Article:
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August 7th, 2020 | By Elise Wachspress

Jeff Johnston, a newer graduate student in David Freedman’s lab at The University of Chicago, became interested in how our brains maintain reliable perception and behavior despite the obvious variability in individual neurons. If all processing were linear—a superhighway from one specific neuron to another—then wouldn’t one neuron misfiring cause the whole system to fall apart?

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thought tree

June 26th, 2020 | By Elise Wachspress

Understanding how decisions are made—and where they are happening in the brain—can tell us a lot about how to maximize development, learning, and eventual success as thinking beings. David Freedman, PhD, and his team are working to figure out how what we are looking for—our internal models of the world—colors what we look at, to help us make moment-to-moment decision.

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wei lab

June 5th, 2020 | By Elise Wachspress

Among the areas of neuroscience in which Grossman Institute scientists aim to make the greatest contribution is figuring out how the brain’s neural circuits process sensory data into perceptions and behavior. How does one parse out the roles of millions of neurons, connected in unseen ways within our most vital organ? According to Wei Wei, PhD, one of the best places to study neural circuits is the retina.

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unsplash

June 2nd, 2020 | Helen Robertson, PhD

What does the term microdosing mean to you? Harriet de Wit, PhD, head of the Human Behavioral Pharmacology lab at UChicago, is one of the scientists at the forefront of understanding the possible benefits and implications of microdosing psychedelic drugs.

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colors

May 28th, 2020 | Jack Wang

A new study co-authored by a University of Chicago neuroscientist identifies , particularly the areas of the brain that encode the colors we actually see. "We've been able to show where it happens in the , which is relatively early," said Prof. Steven Shevell, a leading scholar of color and brightness perception. "It's like a road map that shows where to look for the neural circuits that cause the transition from the earliest neural representations of the physical world to our mental world."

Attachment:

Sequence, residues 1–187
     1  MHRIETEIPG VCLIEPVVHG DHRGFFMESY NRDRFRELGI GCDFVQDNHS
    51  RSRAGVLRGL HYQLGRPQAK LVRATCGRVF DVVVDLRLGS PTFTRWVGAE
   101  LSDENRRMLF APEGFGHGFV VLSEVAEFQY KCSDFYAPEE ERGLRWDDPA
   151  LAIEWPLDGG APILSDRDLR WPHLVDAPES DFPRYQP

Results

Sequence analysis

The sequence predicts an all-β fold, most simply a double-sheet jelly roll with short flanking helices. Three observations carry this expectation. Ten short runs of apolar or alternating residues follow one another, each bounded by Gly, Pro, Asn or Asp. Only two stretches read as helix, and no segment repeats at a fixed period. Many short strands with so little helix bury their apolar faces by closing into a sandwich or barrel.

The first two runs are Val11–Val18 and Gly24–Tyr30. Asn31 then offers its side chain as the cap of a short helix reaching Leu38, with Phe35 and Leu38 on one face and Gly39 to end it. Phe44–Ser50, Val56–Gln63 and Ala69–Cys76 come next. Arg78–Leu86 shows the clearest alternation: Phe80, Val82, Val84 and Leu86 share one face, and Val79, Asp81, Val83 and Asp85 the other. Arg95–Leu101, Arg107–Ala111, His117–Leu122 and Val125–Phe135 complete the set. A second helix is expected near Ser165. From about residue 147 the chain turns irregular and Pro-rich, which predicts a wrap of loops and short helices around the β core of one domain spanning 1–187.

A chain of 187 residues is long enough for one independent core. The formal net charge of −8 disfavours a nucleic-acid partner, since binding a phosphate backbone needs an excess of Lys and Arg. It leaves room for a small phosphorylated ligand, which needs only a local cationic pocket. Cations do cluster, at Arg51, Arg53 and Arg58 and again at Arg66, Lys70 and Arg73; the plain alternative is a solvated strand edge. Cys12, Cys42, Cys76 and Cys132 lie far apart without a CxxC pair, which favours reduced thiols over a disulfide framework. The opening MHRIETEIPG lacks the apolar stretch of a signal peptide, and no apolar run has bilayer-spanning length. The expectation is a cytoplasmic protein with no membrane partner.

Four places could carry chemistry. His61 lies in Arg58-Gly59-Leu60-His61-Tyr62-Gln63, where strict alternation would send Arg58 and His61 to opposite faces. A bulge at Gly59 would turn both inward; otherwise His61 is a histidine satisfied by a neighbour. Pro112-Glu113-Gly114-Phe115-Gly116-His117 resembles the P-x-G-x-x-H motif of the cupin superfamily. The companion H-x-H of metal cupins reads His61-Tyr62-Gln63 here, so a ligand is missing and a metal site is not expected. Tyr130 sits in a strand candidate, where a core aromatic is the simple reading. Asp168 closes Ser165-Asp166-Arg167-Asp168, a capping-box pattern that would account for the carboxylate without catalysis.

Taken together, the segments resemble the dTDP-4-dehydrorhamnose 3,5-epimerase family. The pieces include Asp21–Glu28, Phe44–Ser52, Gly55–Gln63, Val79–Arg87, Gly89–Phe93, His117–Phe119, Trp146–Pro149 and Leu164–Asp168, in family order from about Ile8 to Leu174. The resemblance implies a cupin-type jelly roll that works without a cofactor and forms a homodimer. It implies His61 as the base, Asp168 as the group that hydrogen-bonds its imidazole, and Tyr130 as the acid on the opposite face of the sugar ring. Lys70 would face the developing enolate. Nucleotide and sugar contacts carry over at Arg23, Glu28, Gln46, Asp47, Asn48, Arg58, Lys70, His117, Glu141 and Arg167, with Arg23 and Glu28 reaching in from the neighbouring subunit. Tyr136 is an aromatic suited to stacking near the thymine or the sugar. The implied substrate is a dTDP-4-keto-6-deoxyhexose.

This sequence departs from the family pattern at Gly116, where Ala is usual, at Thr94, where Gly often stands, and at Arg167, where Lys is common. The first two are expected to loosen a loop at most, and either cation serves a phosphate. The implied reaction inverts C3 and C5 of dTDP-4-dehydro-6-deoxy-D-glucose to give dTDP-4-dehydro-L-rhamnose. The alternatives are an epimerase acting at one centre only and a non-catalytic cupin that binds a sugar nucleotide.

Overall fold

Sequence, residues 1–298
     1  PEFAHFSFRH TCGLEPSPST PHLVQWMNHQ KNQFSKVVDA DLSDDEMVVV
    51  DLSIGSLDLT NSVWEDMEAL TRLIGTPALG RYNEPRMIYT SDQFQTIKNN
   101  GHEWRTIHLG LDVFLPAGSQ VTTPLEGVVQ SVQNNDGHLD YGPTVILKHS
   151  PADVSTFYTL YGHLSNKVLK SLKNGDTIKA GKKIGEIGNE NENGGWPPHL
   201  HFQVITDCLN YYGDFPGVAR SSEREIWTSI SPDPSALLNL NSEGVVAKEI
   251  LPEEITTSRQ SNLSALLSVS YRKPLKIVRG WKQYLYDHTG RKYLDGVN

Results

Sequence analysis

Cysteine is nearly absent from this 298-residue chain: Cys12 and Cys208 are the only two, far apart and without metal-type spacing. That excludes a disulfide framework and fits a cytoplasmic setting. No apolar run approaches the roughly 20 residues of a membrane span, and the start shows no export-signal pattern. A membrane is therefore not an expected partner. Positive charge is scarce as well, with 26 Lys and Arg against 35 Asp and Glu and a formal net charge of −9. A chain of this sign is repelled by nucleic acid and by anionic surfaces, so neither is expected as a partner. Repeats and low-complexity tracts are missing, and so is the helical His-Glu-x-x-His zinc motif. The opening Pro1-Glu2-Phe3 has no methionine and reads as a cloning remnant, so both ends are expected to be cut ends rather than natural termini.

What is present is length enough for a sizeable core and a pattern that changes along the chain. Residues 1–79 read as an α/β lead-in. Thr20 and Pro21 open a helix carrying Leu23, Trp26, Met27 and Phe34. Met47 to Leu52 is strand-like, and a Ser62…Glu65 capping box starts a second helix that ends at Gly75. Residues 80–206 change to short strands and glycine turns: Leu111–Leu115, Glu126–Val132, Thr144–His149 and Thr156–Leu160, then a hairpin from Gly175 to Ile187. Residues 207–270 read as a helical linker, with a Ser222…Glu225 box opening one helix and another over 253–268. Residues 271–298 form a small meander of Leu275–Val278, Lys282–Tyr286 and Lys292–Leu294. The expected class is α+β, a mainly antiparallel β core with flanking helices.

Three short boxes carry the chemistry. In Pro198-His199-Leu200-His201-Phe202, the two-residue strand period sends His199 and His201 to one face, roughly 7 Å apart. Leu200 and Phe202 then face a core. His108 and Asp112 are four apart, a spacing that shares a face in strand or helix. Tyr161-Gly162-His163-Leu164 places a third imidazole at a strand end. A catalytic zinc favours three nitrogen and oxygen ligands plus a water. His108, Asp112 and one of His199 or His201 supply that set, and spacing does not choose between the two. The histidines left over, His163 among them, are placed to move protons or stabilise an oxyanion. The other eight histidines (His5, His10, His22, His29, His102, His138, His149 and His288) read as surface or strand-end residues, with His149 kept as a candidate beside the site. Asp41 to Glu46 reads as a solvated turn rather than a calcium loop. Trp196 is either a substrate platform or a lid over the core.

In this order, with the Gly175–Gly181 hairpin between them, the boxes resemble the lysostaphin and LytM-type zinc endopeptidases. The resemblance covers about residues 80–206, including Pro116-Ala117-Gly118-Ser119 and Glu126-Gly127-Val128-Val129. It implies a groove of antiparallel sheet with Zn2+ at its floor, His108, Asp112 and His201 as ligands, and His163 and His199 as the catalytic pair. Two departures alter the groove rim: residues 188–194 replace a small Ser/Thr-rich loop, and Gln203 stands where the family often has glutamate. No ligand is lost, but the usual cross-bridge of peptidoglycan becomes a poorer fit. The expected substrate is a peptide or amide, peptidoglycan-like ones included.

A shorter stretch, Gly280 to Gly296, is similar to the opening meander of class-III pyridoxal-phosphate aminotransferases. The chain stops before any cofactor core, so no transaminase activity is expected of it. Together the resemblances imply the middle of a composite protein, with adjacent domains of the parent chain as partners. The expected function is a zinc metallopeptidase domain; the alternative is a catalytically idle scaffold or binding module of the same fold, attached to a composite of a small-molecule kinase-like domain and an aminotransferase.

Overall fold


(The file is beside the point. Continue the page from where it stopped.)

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Sliman

May 8th, 2020 | Polsky Center

The Bionic Breast Project is an interdisciplinary research program applying bionic technologies to restore post-mastectomy breast function. Using some of the concepts developed for the bionic hand, the researchers, including Sliman Bensmaia, PhD, James and Karen Frank Family Professor of Organismal Biology and Anatomy, plan to embed a flexible sensor array under the skin of mastectomy patients.

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signal detection

May 8th, 2020 | By Elise Wachspress

“Pay attention!”

We’ve heard that demand—maybe not in so many words—from everyone from parents, teachers, and bosses to the ad hucksters that permeate every environment.

But just what exactly does “attention” mean?

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migrain

April 24th 2020 | By Elise Wachspress

All of us age, and as we do, myelin, the protective covering around the nerve cells in our brain, starts to deteriorate. This is like losing the insulation around an electrical wire. It causes nerve impulses to slow or even stop, and affects a range of bodily functions from thinking, memory, and behavior to balance and coordination. But this does not have to be the case.

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isolation

April 14th, 2020 | By Kelly-Leigh Cooper

There is plenty of research to suggest our social relationships can be as important to our physical health as our mental one. Research links pervasive loneliness to higher mortality rates and other health complications. Professor Stephanie Cacioppo, an expert in behavioural neuroscience and psychiatry at the University of Chicago, is full of practical tips for those living alone.